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Dan Oscarsson wrote:
> From David Hopwood <firstname.lastname@example.org>
> >The only difficulty would have been if a pre-existing standard had supported
> >both precomposed and decomposed encodings of the same combining mark. I don't
> >think there are any such standards (other than Unicode as it is now), are
> Yes. T.61 is still in use.
See <ftp://dkuug.dk/i18n/charmaps/ISO_6937> for a mapping table for ISO 6937,
which is apparently a superset of T.61 (according to
> It uses combining accents.
As John Cowan pointed out, neither T.61, nor the other suggested counterexample
of ISO 5426-1980 or ANSEL, have more than one way to represent a composite with a
OTOH, there can be more than one way to represent composites that include two or
more diacritics in different combining classes (e.g. <e with circumflex and
dot below>). Technically, that would mean that strict byte-for-byte round-
tripping of X -> NFD -> X would not be guaranteed in every case (unless X also
requires that all data is normalised). This doesn't apply to T.61, but it does
apply to other standards such as TIS620 (ISO-Latin-11 / Thai), which have
combining marks in more than one class.
I very much doubt, though, that this would be considered a significant practical
problem; there would still be no semantic information lost by round-tripping.
Also some of the languages that it might otherwise affect aren't typically
encoded using legacy charsets with combining characters (e.g. the most common
legacy encoding for Vietnamese is VISCII, which has only precomposed characters).
> One place where it is used is in X.500.
Incidentally, AFAICT most recent implementations of X.509 etc. don't bother to
convert correctly to and from T.61 :-(
> It also have the nice way where the combining accent
> comes before the base character making it easier to parse.
That's debateable. I don't think it matters one way or the other as long as only
one ordering is used.
> >(Obviously, an NFD-only Unicode would not have been an extension of ISO-8859-1.
> >That wouldn't have been much of a loss; it would still have been an extension
> >of US-ASCII.)
> NFD should not be an extension of ASCII. There are several spacing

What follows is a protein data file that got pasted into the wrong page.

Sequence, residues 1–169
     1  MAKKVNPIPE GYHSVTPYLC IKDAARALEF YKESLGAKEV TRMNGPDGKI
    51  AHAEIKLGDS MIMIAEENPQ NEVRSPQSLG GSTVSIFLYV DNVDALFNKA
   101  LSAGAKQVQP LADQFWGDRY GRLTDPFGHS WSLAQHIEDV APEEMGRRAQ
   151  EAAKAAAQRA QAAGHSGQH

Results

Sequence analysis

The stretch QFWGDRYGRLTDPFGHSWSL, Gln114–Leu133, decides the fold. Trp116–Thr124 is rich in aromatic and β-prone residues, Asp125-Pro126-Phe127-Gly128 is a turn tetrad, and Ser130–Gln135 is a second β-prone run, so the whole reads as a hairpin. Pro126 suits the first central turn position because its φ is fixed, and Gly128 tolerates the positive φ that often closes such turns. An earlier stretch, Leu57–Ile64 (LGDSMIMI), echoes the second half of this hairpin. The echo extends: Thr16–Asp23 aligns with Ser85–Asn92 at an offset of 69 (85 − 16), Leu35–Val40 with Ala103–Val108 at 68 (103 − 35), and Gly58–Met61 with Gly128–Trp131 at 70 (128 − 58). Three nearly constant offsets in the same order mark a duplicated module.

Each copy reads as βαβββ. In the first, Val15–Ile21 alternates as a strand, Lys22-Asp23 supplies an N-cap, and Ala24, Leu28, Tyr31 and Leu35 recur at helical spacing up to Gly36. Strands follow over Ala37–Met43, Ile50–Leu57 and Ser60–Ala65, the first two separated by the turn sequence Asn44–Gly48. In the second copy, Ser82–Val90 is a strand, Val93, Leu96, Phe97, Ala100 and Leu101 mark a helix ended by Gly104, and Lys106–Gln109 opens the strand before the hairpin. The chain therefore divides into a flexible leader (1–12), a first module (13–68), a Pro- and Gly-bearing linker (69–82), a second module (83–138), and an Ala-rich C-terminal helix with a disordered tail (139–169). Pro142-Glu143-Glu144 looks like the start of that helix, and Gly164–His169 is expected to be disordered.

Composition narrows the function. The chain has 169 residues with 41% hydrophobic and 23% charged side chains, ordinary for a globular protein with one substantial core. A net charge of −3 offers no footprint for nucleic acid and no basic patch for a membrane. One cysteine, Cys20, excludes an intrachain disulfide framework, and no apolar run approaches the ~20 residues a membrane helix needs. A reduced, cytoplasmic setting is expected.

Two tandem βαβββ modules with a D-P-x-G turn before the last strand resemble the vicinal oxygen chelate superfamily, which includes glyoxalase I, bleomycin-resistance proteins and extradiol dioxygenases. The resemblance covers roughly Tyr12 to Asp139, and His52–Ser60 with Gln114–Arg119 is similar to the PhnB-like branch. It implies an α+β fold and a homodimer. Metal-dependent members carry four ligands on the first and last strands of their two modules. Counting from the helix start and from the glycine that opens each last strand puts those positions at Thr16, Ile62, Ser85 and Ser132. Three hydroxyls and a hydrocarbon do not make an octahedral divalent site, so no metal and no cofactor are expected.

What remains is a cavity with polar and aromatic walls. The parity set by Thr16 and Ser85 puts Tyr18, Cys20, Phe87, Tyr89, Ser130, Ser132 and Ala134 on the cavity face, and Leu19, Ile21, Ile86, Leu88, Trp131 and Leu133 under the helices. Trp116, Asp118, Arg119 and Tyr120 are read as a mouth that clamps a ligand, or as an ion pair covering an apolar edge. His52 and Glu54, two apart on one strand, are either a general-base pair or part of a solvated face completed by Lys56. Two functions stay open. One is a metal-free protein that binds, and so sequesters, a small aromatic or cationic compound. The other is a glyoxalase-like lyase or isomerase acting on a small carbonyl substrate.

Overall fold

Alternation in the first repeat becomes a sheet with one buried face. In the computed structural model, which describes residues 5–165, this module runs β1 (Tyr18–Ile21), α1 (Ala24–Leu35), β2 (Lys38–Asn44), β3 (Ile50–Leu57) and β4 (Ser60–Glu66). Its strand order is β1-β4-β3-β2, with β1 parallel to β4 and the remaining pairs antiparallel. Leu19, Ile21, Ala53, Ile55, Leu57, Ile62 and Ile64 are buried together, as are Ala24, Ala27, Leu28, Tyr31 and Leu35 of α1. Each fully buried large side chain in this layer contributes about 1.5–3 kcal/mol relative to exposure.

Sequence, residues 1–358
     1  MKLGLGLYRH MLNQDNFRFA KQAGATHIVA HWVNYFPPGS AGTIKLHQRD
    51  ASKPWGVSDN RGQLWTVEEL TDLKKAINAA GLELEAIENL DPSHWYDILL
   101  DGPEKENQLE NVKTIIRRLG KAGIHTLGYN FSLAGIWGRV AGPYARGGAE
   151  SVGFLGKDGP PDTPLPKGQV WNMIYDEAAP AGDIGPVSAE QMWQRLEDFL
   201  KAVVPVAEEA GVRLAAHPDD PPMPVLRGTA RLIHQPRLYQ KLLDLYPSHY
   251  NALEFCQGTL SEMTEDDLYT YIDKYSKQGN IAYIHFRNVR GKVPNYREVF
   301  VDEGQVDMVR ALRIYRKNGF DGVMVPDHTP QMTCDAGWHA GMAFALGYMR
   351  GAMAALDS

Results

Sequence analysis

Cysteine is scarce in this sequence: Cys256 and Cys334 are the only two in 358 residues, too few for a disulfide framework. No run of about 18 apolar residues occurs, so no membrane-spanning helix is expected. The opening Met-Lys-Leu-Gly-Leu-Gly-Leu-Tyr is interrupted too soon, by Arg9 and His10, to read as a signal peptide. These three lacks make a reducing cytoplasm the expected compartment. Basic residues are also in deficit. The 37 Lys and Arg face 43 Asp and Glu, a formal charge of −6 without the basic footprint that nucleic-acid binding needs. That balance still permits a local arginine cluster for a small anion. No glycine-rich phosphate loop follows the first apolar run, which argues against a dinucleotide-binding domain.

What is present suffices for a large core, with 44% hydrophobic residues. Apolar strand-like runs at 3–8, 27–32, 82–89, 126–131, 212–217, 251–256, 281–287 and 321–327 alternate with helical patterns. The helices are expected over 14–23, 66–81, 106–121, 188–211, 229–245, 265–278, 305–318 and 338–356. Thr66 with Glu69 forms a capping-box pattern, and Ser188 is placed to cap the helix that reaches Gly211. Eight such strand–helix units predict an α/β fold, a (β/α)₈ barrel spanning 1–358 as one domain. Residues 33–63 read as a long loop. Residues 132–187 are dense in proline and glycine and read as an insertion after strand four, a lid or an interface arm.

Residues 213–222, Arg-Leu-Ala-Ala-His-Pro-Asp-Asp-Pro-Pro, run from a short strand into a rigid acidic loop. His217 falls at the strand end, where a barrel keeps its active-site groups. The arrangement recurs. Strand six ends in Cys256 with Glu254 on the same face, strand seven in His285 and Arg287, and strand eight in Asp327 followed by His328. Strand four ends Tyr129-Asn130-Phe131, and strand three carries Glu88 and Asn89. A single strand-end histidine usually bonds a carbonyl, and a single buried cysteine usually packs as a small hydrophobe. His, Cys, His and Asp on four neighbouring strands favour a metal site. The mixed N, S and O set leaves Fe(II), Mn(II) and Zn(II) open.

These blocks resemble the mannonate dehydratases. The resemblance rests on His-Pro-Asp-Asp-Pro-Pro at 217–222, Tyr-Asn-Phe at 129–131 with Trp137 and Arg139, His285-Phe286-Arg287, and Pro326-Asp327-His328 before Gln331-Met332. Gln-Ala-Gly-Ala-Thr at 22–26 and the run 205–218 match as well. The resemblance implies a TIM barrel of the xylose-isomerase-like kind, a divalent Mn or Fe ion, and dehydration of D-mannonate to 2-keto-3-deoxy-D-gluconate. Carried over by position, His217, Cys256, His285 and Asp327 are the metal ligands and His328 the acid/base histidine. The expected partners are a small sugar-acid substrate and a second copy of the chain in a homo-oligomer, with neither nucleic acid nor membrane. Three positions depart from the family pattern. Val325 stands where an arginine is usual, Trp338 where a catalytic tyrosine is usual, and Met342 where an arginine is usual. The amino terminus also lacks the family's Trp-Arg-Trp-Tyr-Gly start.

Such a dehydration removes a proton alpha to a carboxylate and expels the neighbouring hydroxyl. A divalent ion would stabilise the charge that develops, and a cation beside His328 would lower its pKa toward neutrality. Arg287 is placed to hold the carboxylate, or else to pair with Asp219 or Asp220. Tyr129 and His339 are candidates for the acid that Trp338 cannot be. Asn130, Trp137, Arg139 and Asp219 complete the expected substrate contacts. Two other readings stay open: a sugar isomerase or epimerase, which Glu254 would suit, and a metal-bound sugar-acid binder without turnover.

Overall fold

> accents in ASCII that should be decomposed just like the spacing accents in
> ISO 8859-1 are decomposed.
> All or none spacing accents should be decomposed.
Users have basically ignored (if they are even aware of) any admonitions from
standards institutions to treat U+005E, U+0060 or U+007E as spacing accents,
and continued to use them for the purposes listed below:
Character Common uses
U+005E CIRCUMFLEX ACCENT to indicate superscripts; 'to the power of';
'exclusive-or' in some programming languages
U+0060 GRAVE ACCENT opening single quote; 'backtick' in some programming
& shell languages
U+007E TILDE as prefix: 'not' in programming languages; home
directories in Unix; symbol for 'approximately'
as suffix: backup filenames in Unix
(preferred glyph is middle tilde, which is not the
same as a spacing tilde accent anyway)
For all of these characters, use as a spacing diacritic is actually much
less common than any of the other uses listed above. Even when they are used
to represent accents, it is usually as a fallback representation of a combining
accent, not as a true spacing accent.
So, there would have been no practical problem with disunifying spacing
circumflex, grave, and tilde from the above US-ASCII characters, so that the
preferred representation of all spacing diacritics would have been the
combining diacritic applied to U+0020.
> I could ask why are not precomposed characters preferred to be used, if
> they exist?
They are, in HTML, XML, etc.
> For a lot of text handling precomposed characters are much easier to
> handle, especially when the combining character comes after instead of
> before the base character.
I thought you said approximately the opposite in relation to T.61 above :-)
David Hopwood <email@example.com>
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This archive was generated by hypermail 2.1.2 : Thu Jul 11 2002 - 19:30:40 EDT